The front most compartment is large enough to store a notebook, pens and wallet. Another mesh compartment adds to the usefulness of this area.


In the photo below, one slightly curious observation is the pull off rubber logo tag.


But I saw on the Datsusara Facebook group how some people used this to customise their bag. I am not sure how they got it done but it does add a splash of colour!

Loading up!
It is clear from the photos and attempt to fill it up that the Battlepack Mini can carry a heck of a lot of stuff. It ended up being quite heavy with all the gear so it was important for me that it was still practical to carry on my shoulders when out and about.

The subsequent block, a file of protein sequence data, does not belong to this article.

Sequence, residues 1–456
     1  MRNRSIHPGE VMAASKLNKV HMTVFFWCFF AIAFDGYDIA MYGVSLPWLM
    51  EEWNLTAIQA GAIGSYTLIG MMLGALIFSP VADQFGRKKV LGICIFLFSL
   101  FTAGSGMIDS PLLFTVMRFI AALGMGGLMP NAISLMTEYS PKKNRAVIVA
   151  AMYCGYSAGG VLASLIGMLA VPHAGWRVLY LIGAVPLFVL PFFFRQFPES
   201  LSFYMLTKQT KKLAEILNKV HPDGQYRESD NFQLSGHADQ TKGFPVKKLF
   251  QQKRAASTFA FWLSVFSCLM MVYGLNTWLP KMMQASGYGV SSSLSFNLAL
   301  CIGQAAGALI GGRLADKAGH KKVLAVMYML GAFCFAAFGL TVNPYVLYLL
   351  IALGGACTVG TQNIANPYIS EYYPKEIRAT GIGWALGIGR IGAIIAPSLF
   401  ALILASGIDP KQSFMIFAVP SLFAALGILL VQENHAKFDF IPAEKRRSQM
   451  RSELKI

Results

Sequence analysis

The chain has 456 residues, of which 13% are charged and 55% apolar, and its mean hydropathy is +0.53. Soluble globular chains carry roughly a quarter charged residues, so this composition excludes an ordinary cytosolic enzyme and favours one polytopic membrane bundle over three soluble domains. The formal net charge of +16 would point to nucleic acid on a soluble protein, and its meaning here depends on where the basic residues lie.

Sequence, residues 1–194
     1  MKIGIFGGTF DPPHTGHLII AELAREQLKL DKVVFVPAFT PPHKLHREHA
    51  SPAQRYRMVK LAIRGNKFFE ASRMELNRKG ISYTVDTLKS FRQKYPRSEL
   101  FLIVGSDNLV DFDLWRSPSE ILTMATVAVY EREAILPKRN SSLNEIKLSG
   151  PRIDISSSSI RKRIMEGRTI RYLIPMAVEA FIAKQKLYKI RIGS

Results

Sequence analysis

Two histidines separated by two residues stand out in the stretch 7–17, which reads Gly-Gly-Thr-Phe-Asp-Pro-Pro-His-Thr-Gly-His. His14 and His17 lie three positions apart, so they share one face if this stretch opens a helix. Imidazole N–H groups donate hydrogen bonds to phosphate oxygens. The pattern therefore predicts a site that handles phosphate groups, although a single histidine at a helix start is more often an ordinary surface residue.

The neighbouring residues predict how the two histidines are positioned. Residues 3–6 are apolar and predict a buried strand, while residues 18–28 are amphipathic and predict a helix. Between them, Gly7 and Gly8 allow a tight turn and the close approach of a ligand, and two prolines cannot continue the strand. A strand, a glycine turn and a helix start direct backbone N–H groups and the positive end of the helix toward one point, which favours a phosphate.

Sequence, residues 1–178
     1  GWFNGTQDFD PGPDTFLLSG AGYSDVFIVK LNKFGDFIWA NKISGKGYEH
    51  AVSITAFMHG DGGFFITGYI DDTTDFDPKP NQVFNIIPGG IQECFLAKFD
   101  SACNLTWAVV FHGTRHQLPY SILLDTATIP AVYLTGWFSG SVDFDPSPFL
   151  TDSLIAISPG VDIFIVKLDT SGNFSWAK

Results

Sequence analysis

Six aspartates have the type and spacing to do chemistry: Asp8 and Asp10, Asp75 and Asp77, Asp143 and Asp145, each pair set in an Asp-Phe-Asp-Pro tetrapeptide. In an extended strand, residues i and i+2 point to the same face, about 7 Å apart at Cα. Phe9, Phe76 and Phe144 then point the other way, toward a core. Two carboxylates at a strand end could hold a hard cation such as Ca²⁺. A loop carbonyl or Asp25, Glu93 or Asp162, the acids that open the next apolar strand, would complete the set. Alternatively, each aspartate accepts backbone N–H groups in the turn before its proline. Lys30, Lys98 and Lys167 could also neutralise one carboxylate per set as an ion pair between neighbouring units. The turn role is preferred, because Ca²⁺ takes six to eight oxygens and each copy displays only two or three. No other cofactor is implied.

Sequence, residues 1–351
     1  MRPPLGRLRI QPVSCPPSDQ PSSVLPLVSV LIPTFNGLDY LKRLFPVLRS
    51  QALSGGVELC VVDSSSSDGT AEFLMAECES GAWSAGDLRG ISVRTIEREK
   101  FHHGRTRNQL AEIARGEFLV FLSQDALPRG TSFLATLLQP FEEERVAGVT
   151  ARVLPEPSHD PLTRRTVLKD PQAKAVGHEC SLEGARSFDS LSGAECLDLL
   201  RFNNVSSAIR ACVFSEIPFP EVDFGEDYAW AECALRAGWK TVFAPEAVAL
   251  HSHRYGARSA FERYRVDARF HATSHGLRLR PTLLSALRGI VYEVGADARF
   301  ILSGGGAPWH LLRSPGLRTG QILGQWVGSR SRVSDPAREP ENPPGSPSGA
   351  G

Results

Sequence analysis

My fears were unfounded. After several weeks of using it several times a week to ferry my gear onto London public transport from my office to the gym and back home, I was happy that the strapping and fastening system was comfortable to make using a fully loaded up Battlepack less of a chore compared to simpler systems. To sweeten the deal, I think the padded back support zones help a lot.


The main shoulder straps are thick and reasonably padded. It wasn't super soft like my old Jansport gel-strap system. but it is wide and carries the weight superbly. I liked all the adjustments one could make to lengthen or shorten the strap tightness, plus an additional horizontal fastener helps secure the back extra tight.


In the photo above the padded back zones are clearly visible. You can also see how the main shoulder straps are curved. In the photo below, I am wearing the back with contents fully loaded. It's heavy but the strapping system does its job comfortably enough.


Closing thoughts